Chris Jordan takes on the little known film, Ricky 6.
|"I just can't wait to star|
on Mad Men."
They are the stuff of myths and legends among film fans: movies that get most or all of the way through production, but for some reason are never released. The tantalizing mystery of why a film never saw the light of day, or what it might have been like if it had, naturally captures the imagination of moviegoers. Or perhaps it is the very fact that the films are impossible to see that makes them so intriguing: the ultimate rare movie for collectors to wish they could get their hands on. But every now and then, an unreleased film finds its way out into the world through unofficial channels: either someone close to the project leaks it just so it can finally be seen, or a copy finds its way into the hands of someone who decides to share the secret. One such film, which exists only as a leaked workprint of its unreleased final cut, is Peter Filardi's 2000 indie drama Ricky 6. And thanks to YouTube, it is far more readily available than most rare films ever get to be.
A moody character study telling the true story of a New England teenager's psychological downward spiral, Ricky 6 was screenwriter Filardi's first (and only) film as a director, and generated a decent amount of buzz before its sudden and strange disappearance. It got as far as a few festival showings, where it was greeted with strong reviews and a couple awards, and it was even slated for a North American theatrical run. But then something happened – allegedly having to do with behind-the-scenes financial troubles and the legal complications that they caused – and the film suddenly found itself in an un-releasable limbo, where it has stayed for fifteen years. But eventually bootleg DVDs of the film's final workprint began circulating, and someone claiming to be Peter Filardi posted the workprint on YouTube. Could it be that the writer/director leaked his own film, just so it could be widely seen at last? The leaked workprint is of pretty good quality too, all things considered: a somewhat washed-out VHS copy with burned-in timecode, but the finished cut of the movie, with completed post-production work, music, and audio mix. Not ideal, of course, but more than good enough for a film that was never supposed to be released at all, and way better than the typical workprint. Even in this state, Ricky 6 is a very good movie.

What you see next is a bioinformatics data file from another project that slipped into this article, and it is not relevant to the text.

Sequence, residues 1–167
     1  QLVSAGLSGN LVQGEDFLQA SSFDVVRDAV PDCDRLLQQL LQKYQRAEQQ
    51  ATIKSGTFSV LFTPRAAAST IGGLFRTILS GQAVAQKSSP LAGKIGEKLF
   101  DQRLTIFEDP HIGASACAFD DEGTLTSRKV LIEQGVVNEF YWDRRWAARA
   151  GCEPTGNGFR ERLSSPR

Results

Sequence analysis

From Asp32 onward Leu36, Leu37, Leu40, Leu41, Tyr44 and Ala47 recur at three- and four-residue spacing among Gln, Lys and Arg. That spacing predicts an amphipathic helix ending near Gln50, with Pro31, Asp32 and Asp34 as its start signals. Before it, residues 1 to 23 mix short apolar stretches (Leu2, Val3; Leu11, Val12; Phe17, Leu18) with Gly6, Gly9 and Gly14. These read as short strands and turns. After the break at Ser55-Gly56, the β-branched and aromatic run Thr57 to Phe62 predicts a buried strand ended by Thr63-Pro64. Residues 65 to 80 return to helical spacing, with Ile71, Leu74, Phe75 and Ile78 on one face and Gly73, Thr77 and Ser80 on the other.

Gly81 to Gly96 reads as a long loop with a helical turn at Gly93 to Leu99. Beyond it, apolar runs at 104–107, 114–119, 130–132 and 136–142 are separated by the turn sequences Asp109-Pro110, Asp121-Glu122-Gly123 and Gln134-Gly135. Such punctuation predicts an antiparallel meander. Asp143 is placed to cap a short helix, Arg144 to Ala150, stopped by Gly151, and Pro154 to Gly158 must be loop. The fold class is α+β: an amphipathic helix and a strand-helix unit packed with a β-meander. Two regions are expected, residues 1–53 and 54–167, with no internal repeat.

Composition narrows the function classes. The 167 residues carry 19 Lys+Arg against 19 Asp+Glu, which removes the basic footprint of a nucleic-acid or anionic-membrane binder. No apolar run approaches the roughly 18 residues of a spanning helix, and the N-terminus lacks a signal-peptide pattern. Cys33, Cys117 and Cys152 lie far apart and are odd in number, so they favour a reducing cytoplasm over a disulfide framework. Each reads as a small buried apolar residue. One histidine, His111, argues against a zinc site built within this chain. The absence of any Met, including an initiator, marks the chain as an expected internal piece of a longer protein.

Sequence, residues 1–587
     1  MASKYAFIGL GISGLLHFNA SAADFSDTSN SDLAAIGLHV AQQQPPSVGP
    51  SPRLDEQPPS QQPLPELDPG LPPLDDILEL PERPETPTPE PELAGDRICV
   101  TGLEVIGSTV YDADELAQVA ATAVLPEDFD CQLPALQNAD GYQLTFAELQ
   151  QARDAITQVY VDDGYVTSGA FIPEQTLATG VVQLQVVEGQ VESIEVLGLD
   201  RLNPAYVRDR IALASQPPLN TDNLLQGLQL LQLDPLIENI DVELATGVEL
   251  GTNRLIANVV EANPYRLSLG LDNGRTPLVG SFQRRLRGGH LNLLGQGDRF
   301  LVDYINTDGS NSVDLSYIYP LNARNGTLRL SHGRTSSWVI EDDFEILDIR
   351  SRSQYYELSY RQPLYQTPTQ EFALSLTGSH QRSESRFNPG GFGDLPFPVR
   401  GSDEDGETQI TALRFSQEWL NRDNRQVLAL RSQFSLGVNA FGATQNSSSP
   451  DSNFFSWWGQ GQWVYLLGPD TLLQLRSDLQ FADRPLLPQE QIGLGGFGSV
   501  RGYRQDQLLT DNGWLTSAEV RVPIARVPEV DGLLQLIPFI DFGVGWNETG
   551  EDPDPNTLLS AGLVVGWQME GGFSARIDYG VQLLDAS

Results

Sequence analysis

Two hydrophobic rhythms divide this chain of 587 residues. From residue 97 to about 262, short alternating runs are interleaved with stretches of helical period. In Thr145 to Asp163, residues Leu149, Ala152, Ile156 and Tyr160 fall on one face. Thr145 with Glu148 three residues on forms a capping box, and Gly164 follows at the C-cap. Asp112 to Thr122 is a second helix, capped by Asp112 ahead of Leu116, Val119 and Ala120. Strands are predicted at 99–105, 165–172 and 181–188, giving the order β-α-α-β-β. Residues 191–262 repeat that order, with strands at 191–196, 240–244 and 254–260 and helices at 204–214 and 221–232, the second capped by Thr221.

Vincent Kartheiser (Mad Men, Angel) plays Ricky, a sensitive but troubled kid in the mid-1980s struggling with more than his share of psychological and emotional baggage. As he searches desperately for some sort of purpose or sense of belonging and acceptance, he discovers Satanism, and it provides the perfect outlet for his feelings of depression and alienation. It is clear from the opening scene that Ricky is in a dangerously steep downward spiral that cannot end well (the film is told in flashback), but the focus is not on where Ricky ends up, or what he ultimately does; it is on understanding him as a person, and exploring his frayed mental state. It is hard to not feel sympathy for this kid who is quite literally going through a personal hell just to find some sense of knowing where he fits into the world around him – particularly thanks to Vincent Kartheiser's excellent, empathetic performance. A few years before his television fame, this film already shows what a strong actor Kartheiser is.